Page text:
Kids don’t want to be seen as “different”

shutterstock_81693892Following a brief interlude, we offer the sixth segment of our Winter 2014 blog series Including Kids and Teens With Mental Illness at Church, examining the challenge presented by the propensity of kids and teens to reject help that (in their minds) increases the risk they’ll be perceived differently by their peers.

Stigma is a very real concern for children and teens diagnosed with mental illness. Research demonstrates that kids between the ages of 8-18 are more likely to distance themselves socially from a peer with either depression or ADHD and perceive peers with those conditions as more likely to engage in antisocial or violent behavior. Kids are more likely to attribute depression or ADHD in peers to a lack of effort, poor parenting or substance use. We also know that kids who are perceived as different by their peers are more likely to be victims of bullying, especially kids with more subtle signs of disability.

In my practice, this concern often plays out when kids are in need of special education services or accommodations related to a learning disorder or mental health condition. It’s very common for kids who might benefit from small group instruction or testing accommodations to refuse potentially helpful supports because of their concern for the opinions of their peers.

What do we have to offer kids with significant mental health conditions and their families who could benefit from disability inclusion when they come to church? We have BUDDIES. We have stand-alone classrooms and programming for kids with significant developmental disabilities. We have Young Life Capernaum for teens and young adults with intellectual disabilities. I can’t think of many things that make a child with anxiety more uncomfortable than being singled out for special attention or treatment. Our standard disability ministry programming is likely to reinforce the propensity of kids with mental illness to self-stigmatize…if their families see any benefit from disability ministry programming in general.

The best possible solutions for including kids with mental illness at church would include those offering potential benefits to all children and families without drawing attention to any particular child, those that help kids to prepare privately for participation in church activities outside the scrutiny of peers and solutions that offer necessary supports without requiring children or families to self-identify in order to receive help.

Next: When kids have parents with mental illness


Emotional girlConfused about all the changes in diagnostic terminology for kids with mental heath disorders? Key Ministry has a resource page summarizing our recent blog series examining the impact of the DSM-5 on kidsClick this link for summary articles describing the changes in diagnostic criteria for conditions common among children and teens, along with links to other helpful resources!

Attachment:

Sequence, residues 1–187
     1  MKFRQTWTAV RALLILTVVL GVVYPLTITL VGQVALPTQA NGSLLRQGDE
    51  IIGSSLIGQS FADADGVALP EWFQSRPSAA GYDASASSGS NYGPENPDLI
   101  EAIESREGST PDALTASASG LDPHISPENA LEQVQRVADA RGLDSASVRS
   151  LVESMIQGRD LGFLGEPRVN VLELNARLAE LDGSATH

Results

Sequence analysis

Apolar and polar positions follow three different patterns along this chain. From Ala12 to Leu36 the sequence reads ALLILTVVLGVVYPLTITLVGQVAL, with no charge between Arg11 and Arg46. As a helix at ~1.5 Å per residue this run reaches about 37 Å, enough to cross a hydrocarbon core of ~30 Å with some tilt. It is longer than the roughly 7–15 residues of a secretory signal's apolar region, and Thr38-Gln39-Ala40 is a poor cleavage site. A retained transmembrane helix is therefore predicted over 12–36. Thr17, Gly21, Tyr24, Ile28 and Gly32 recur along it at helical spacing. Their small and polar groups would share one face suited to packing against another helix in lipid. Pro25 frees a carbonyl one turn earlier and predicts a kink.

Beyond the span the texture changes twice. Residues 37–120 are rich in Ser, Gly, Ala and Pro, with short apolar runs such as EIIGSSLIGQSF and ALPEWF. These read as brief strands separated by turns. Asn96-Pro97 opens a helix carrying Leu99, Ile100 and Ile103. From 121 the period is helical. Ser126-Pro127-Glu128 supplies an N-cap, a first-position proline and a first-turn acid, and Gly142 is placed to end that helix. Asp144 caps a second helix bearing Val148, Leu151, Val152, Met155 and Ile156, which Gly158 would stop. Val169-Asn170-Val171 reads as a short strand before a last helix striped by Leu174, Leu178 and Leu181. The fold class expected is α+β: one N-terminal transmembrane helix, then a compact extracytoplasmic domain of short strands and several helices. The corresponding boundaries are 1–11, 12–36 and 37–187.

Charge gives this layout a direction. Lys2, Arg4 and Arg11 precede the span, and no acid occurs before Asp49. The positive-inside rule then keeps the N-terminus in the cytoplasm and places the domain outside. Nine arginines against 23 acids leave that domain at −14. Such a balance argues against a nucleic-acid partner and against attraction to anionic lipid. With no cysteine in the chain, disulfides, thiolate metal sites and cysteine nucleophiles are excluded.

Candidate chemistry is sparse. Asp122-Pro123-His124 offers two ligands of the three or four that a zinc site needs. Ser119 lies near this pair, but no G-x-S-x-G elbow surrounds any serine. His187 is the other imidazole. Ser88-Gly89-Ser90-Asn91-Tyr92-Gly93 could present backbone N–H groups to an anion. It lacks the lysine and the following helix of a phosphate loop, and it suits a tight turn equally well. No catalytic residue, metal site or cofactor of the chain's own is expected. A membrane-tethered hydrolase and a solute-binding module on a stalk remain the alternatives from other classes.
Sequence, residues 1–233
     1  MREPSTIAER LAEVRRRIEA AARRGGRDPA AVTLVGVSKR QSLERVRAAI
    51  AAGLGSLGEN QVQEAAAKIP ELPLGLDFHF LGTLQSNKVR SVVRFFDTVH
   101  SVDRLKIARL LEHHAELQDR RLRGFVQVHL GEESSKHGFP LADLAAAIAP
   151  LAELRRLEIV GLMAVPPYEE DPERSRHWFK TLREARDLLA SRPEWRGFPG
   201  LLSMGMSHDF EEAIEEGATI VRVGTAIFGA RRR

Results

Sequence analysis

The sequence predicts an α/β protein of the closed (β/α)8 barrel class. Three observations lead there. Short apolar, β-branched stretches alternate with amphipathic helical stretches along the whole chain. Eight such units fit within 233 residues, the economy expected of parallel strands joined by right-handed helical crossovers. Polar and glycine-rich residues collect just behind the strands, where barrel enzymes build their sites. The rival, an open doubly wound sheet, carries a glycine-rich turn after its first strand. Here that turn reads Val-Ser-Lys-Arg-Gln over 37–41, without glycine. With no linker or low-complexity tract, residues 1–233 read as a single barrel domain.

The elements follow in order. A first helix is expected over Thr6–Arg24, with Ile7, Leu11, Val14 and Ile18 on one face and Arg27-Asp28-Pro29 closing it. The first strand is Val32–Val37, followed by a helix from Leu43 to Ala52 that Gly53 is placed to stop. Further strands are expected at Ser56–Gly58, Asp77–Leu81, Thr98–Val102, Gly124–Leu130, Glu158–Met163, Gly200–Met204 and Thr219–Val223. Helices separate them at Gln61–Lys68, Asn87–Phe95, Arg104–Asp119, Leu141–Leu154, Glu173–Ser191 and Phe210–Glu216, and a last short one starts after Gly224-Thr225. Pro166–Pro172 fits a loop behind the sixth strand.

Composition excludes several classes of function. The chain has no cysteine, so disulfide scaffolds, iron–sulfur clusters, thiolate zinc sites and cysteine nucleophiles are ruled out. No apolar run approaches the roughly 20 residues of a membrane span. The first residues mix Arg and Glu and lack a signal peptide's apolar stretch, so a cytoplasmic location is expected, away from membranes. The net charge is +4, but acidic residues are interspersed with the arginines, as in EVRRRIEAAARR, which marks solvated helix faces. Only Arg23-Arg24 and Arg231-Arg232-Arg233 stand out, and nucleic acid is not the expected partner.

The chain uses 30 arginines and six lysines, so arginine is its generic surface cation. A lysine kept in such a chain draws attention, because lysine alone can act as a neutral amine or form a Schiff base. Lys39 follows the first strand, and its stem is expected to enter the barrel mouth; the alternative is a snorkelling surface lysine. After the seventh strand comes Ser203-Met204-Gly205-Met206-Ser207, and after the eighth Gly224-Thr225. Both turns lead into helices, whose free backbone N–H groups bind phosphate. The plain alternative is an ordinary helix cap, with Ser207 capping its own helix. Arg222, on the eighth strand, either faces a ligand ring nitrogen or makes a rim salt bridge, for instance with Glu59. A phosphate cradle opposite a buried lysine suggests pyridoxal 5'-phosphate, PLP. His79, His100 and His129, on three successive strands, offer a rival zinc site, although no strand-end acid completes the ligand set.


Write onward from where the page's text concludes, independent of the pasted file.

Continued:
About Dr. G

Dr. Stephen Grcevich serves as President and Founder of Key Ministry, a non-profit organization providing free training, consultation, resources and support to help churches serve families of children with disabilities. Dr. Grcevich is a graduate of Northeastern Ohio Medical University (NEOMED), trained in General Psychiatry at the Cleveland Clinic Foundation and in Child and Adolescent Psychiatry at University Hospitals of Cleveland/Case Western Reserve University. He is a faculty member in Child and Adolescent Psychiatry at two medical schools, leads a group practice in suburban Cleveland (Family Center by the Falls), and continues to be involved in research evaluating the safety and effectiveness of medications prescribed to children for ADHD, anxiety and depression. He is a past recipient of the Exemplary Psychiatrist Award from the National Alliance on Mental Illness (NAMI). Dr. Grcevich was recently recognized by Sharecare as one of the top ten online influencers in children’s mental health. His blog for Key Ministry, was ranked fourth among the top 100 children's ministry blogs in 2015 by Ministry to Children.
This entry was posted in Families, Hidden Disabilities, Inclusion, Key Ministry, Mental Health, Ministry Environments and tagged , , , , , , , , . Bookmark the permalink.

1 Response to Kids don’t want to be seen as “different”

  1. Pingback: Lenten Pick up 1- Kids don’t want to be seen as different | Theological Curves

Leave a Reply

Fill in your details below or click an icon to log in: Logo

You are commenting using your account. Log Out /  Change )

Facebook photo

You are commenting using your Facebook account. Log Out /  Change )

Connecting to %s

This site uses Akismet to reduce spam. Learn how your comment data is processed.